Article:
We are concerning ourselves with the mighty fun that the forever loved fashion component of the pocket pockets within its tiny expanse of a certain charm that defies explanation. Until the time we are concerned with the functionality of them, pockets deserve indeed all the hype they command. But the universal fervor over them goes beyond the realms of what is apparent, dwelling instead in such dimensions of human predicament and prejudice that instantly make them resident in a different vibe altogether. It is no secret that women love pockets in any dress they wear. Except perhaps when they are donning their jeans, there is a certain amusing tendency among female folks the world over to flaunt any pocket that their attire might possess. And indeed, why wouldn’t anyone? Delightfully twirling along the multifaceted versality that women’s wear have traditionally been endowed with, swinging and hanging in a particular carefree charisma of their kind, embodying a certain character of relaxed ease and an associated world of what gives off indeed the happy go lucky vibes, pockets are a treasure that women have come to covet through their timeline in history. And yet, despite the essence of comfort for which these mere patches along the length or breadth or edges of dresses are so fun an add on of fashion, pockets do not rest just in as simplistic a style assertion of them.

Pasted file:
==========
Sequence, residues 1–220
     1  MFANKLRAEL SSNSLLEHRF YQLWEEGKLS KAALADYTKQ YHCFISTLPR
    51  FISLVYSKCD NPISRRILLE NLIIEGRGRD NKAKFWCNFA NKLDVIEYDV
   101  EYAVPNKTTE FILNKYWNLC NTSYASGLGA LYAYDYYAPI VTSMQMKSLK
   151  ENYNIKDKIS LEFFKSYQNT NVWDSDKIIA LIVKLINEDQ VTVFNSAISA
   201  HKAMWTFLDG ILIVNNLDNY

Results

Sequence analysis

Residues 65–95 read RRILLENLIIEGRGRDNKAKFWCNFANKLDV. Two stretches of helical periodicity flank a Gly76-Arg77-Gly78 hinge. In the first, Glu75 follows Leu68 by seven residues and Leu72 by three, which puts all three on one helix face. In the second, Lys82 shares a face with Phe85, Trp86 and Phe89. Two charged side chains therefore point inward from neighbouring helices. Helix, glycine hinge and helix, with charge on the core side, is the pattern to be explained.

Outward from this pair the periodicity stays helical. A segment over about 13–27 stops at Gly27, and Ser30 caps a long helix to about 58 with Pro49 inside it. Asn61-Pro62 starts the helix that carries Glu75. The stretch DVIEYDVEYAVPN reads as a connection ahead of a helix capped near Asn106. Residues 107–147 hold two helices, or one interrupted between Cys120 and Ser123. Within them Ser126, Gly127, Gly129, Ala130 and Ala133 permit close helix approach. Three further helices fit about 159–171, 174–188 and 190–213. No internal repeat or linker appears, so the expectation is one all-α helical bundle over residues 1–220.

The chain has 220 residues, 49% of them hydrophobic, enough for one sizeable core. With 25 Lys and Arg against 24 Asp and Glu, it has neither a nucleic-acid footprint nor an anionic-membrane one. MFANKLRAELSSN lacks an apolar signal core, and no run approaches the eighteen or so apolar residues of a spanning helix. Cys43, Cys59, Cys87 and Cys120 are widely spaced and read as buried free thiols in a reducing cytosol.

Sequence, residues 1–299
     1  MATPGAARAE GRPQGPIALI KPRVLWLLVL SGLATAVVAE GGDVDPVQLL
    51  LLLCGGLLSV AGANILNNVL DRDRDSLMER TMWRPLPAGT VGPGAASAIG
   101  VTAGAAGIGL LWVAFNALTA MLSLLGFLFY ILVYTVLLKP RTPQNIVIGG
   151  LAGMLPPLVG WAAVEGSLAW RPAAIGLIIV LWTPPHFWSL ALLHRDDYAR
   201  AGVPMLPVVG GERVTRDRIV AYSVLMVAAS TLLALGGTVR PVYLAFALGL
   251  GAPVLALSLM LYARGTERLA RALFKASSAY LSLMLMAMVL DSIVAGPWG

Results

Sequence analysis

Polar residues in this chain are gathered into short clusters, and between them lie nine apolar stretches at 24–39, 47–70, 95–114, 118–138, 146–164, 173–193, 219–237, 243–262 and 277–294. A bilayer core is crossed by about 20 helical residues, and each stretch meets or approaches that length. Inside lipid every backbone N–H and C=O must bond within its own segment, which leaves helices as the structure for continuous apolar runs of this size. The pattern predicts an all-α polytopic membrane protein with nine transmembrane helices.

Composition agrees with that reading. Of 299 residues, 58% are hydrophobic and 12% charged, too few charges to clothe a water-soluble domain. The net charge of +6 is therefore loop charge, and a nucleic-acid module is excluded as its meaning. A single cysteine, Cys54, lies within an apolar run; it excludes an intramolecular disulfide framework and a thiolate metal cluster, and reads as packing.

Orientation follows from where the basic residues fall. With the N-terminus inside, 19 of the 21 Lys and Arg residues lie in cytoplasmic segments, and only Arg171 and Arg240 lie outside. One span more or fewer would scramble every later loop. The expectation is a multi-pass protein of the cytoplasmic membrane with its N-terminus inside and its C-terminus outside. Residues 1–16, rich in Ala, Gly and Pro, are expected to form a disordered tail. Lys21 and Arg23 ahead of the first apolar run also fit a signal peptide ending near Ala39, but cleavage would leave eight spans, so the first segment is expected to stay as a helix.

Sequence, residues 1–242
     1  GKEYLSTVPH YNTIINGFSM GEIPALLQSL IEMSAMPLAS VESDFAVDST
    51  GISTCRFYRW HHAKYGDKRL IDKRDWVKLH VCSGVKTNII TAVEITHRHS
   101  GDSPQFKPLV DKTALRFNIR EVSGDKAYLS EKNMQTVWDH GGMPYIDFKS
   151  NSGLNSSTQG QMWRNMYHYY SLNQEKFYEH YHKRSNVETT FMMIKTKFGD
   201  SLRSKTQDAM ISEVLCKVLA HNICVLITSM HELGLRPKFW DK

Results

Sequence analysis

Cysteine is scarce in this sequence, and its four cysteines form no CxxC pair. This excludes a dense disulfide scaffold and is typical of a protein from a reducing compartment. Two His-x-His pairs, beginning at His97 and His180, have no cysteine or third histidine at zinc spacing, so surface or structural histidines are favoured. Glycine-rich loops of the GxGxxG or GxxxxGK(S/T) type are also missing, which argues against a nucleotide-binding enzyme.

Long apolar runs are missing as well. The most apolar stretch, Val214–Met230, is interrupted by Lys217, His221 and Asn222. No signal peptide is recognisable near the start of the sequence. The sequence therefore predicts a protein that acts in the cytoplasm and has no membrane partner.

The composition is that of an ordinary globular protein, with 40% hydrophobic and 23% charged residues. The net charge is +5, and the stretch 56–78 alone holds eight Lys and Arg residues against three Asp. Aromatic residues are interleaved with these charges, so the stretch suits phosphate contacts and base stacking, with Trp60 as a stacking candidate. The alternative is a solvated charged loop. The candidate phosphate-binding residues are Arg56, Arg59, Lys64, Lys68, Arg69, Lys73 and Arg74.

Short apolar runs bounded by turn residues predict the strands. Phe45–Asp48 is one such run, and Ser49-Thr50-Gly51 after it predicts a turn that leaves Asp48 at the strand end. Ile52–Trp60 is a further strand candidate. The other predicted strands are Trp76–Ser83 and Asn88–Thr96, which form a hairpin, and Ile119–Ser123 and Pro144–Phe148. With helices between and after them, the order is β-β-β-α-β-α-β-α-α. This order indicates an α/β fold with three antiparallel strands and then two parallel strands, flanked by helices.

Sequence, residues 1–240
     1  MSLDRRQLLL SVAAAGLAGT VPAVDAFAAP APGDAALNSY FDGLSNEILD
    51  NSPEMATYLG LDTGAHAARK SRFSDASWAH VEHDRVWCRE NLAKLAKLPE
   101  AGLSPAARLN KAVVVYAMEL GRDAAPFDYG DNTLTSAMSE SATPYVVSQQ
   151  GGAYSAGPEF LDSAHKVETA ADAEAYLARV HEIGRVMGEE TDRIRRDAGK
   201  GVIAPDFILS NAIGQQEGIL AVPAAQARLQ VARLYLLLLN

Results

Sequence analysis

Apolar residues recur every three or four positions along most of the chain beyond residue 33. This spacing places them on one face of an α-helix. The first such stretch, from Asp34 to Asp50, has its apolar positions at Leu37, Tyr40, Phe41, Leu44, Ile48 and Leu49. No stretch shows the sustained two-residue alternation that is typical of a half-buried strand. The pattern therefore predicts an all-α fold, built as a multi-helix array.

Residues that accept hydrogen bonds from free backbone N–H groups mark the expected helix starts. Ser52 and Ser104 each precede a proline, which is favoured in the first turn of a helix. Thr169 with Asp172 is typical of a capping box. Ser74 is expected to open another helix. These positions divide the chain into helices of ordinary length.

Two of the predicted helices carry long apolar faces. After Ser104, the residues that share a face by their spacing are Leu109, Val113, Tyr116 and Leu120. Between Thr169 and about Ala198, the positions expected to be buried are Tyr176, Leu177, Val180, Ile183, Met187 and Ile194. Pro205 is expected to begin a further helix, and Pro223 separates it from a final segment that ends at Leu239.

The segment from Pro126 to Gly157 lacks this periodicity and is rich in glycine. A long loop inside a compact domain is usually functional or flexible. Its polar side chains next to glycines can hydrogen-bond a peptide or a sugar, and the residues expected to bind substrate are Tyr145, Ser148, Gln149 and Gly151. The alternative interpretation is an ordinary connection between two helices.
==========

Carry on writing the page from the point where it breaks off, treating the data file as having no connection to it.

Perhaps what lies at the core of the very evident universal fancy that the women of the world harbour for pockets is their stark deprival of them. It might come across as somewhat exaggerated an explanation of what is in essence a component of fashion at best, aesthetic or utilitarian or whatsoever, but digging deep into the history of pockets unveils a rather complicated analysis of its ‘gender’. There in fact exists rather stark basis for which not many women’s dresses were designed to allow for the incorporation of pockets along them. One is the conventional notion of beauty that which requires the feminine form to present itself as as slim and trim as possible and pockets, with all the bulge they added on to clothing was indeed an unnecessary ‘liability’ to that effect. That itself is very sexist an explanation for the limited presence of pockets along the wardrobeful of attires meant for women, but that does not make the other associated notion with this limitation any less appalling in its adherence to the ideals of sexism.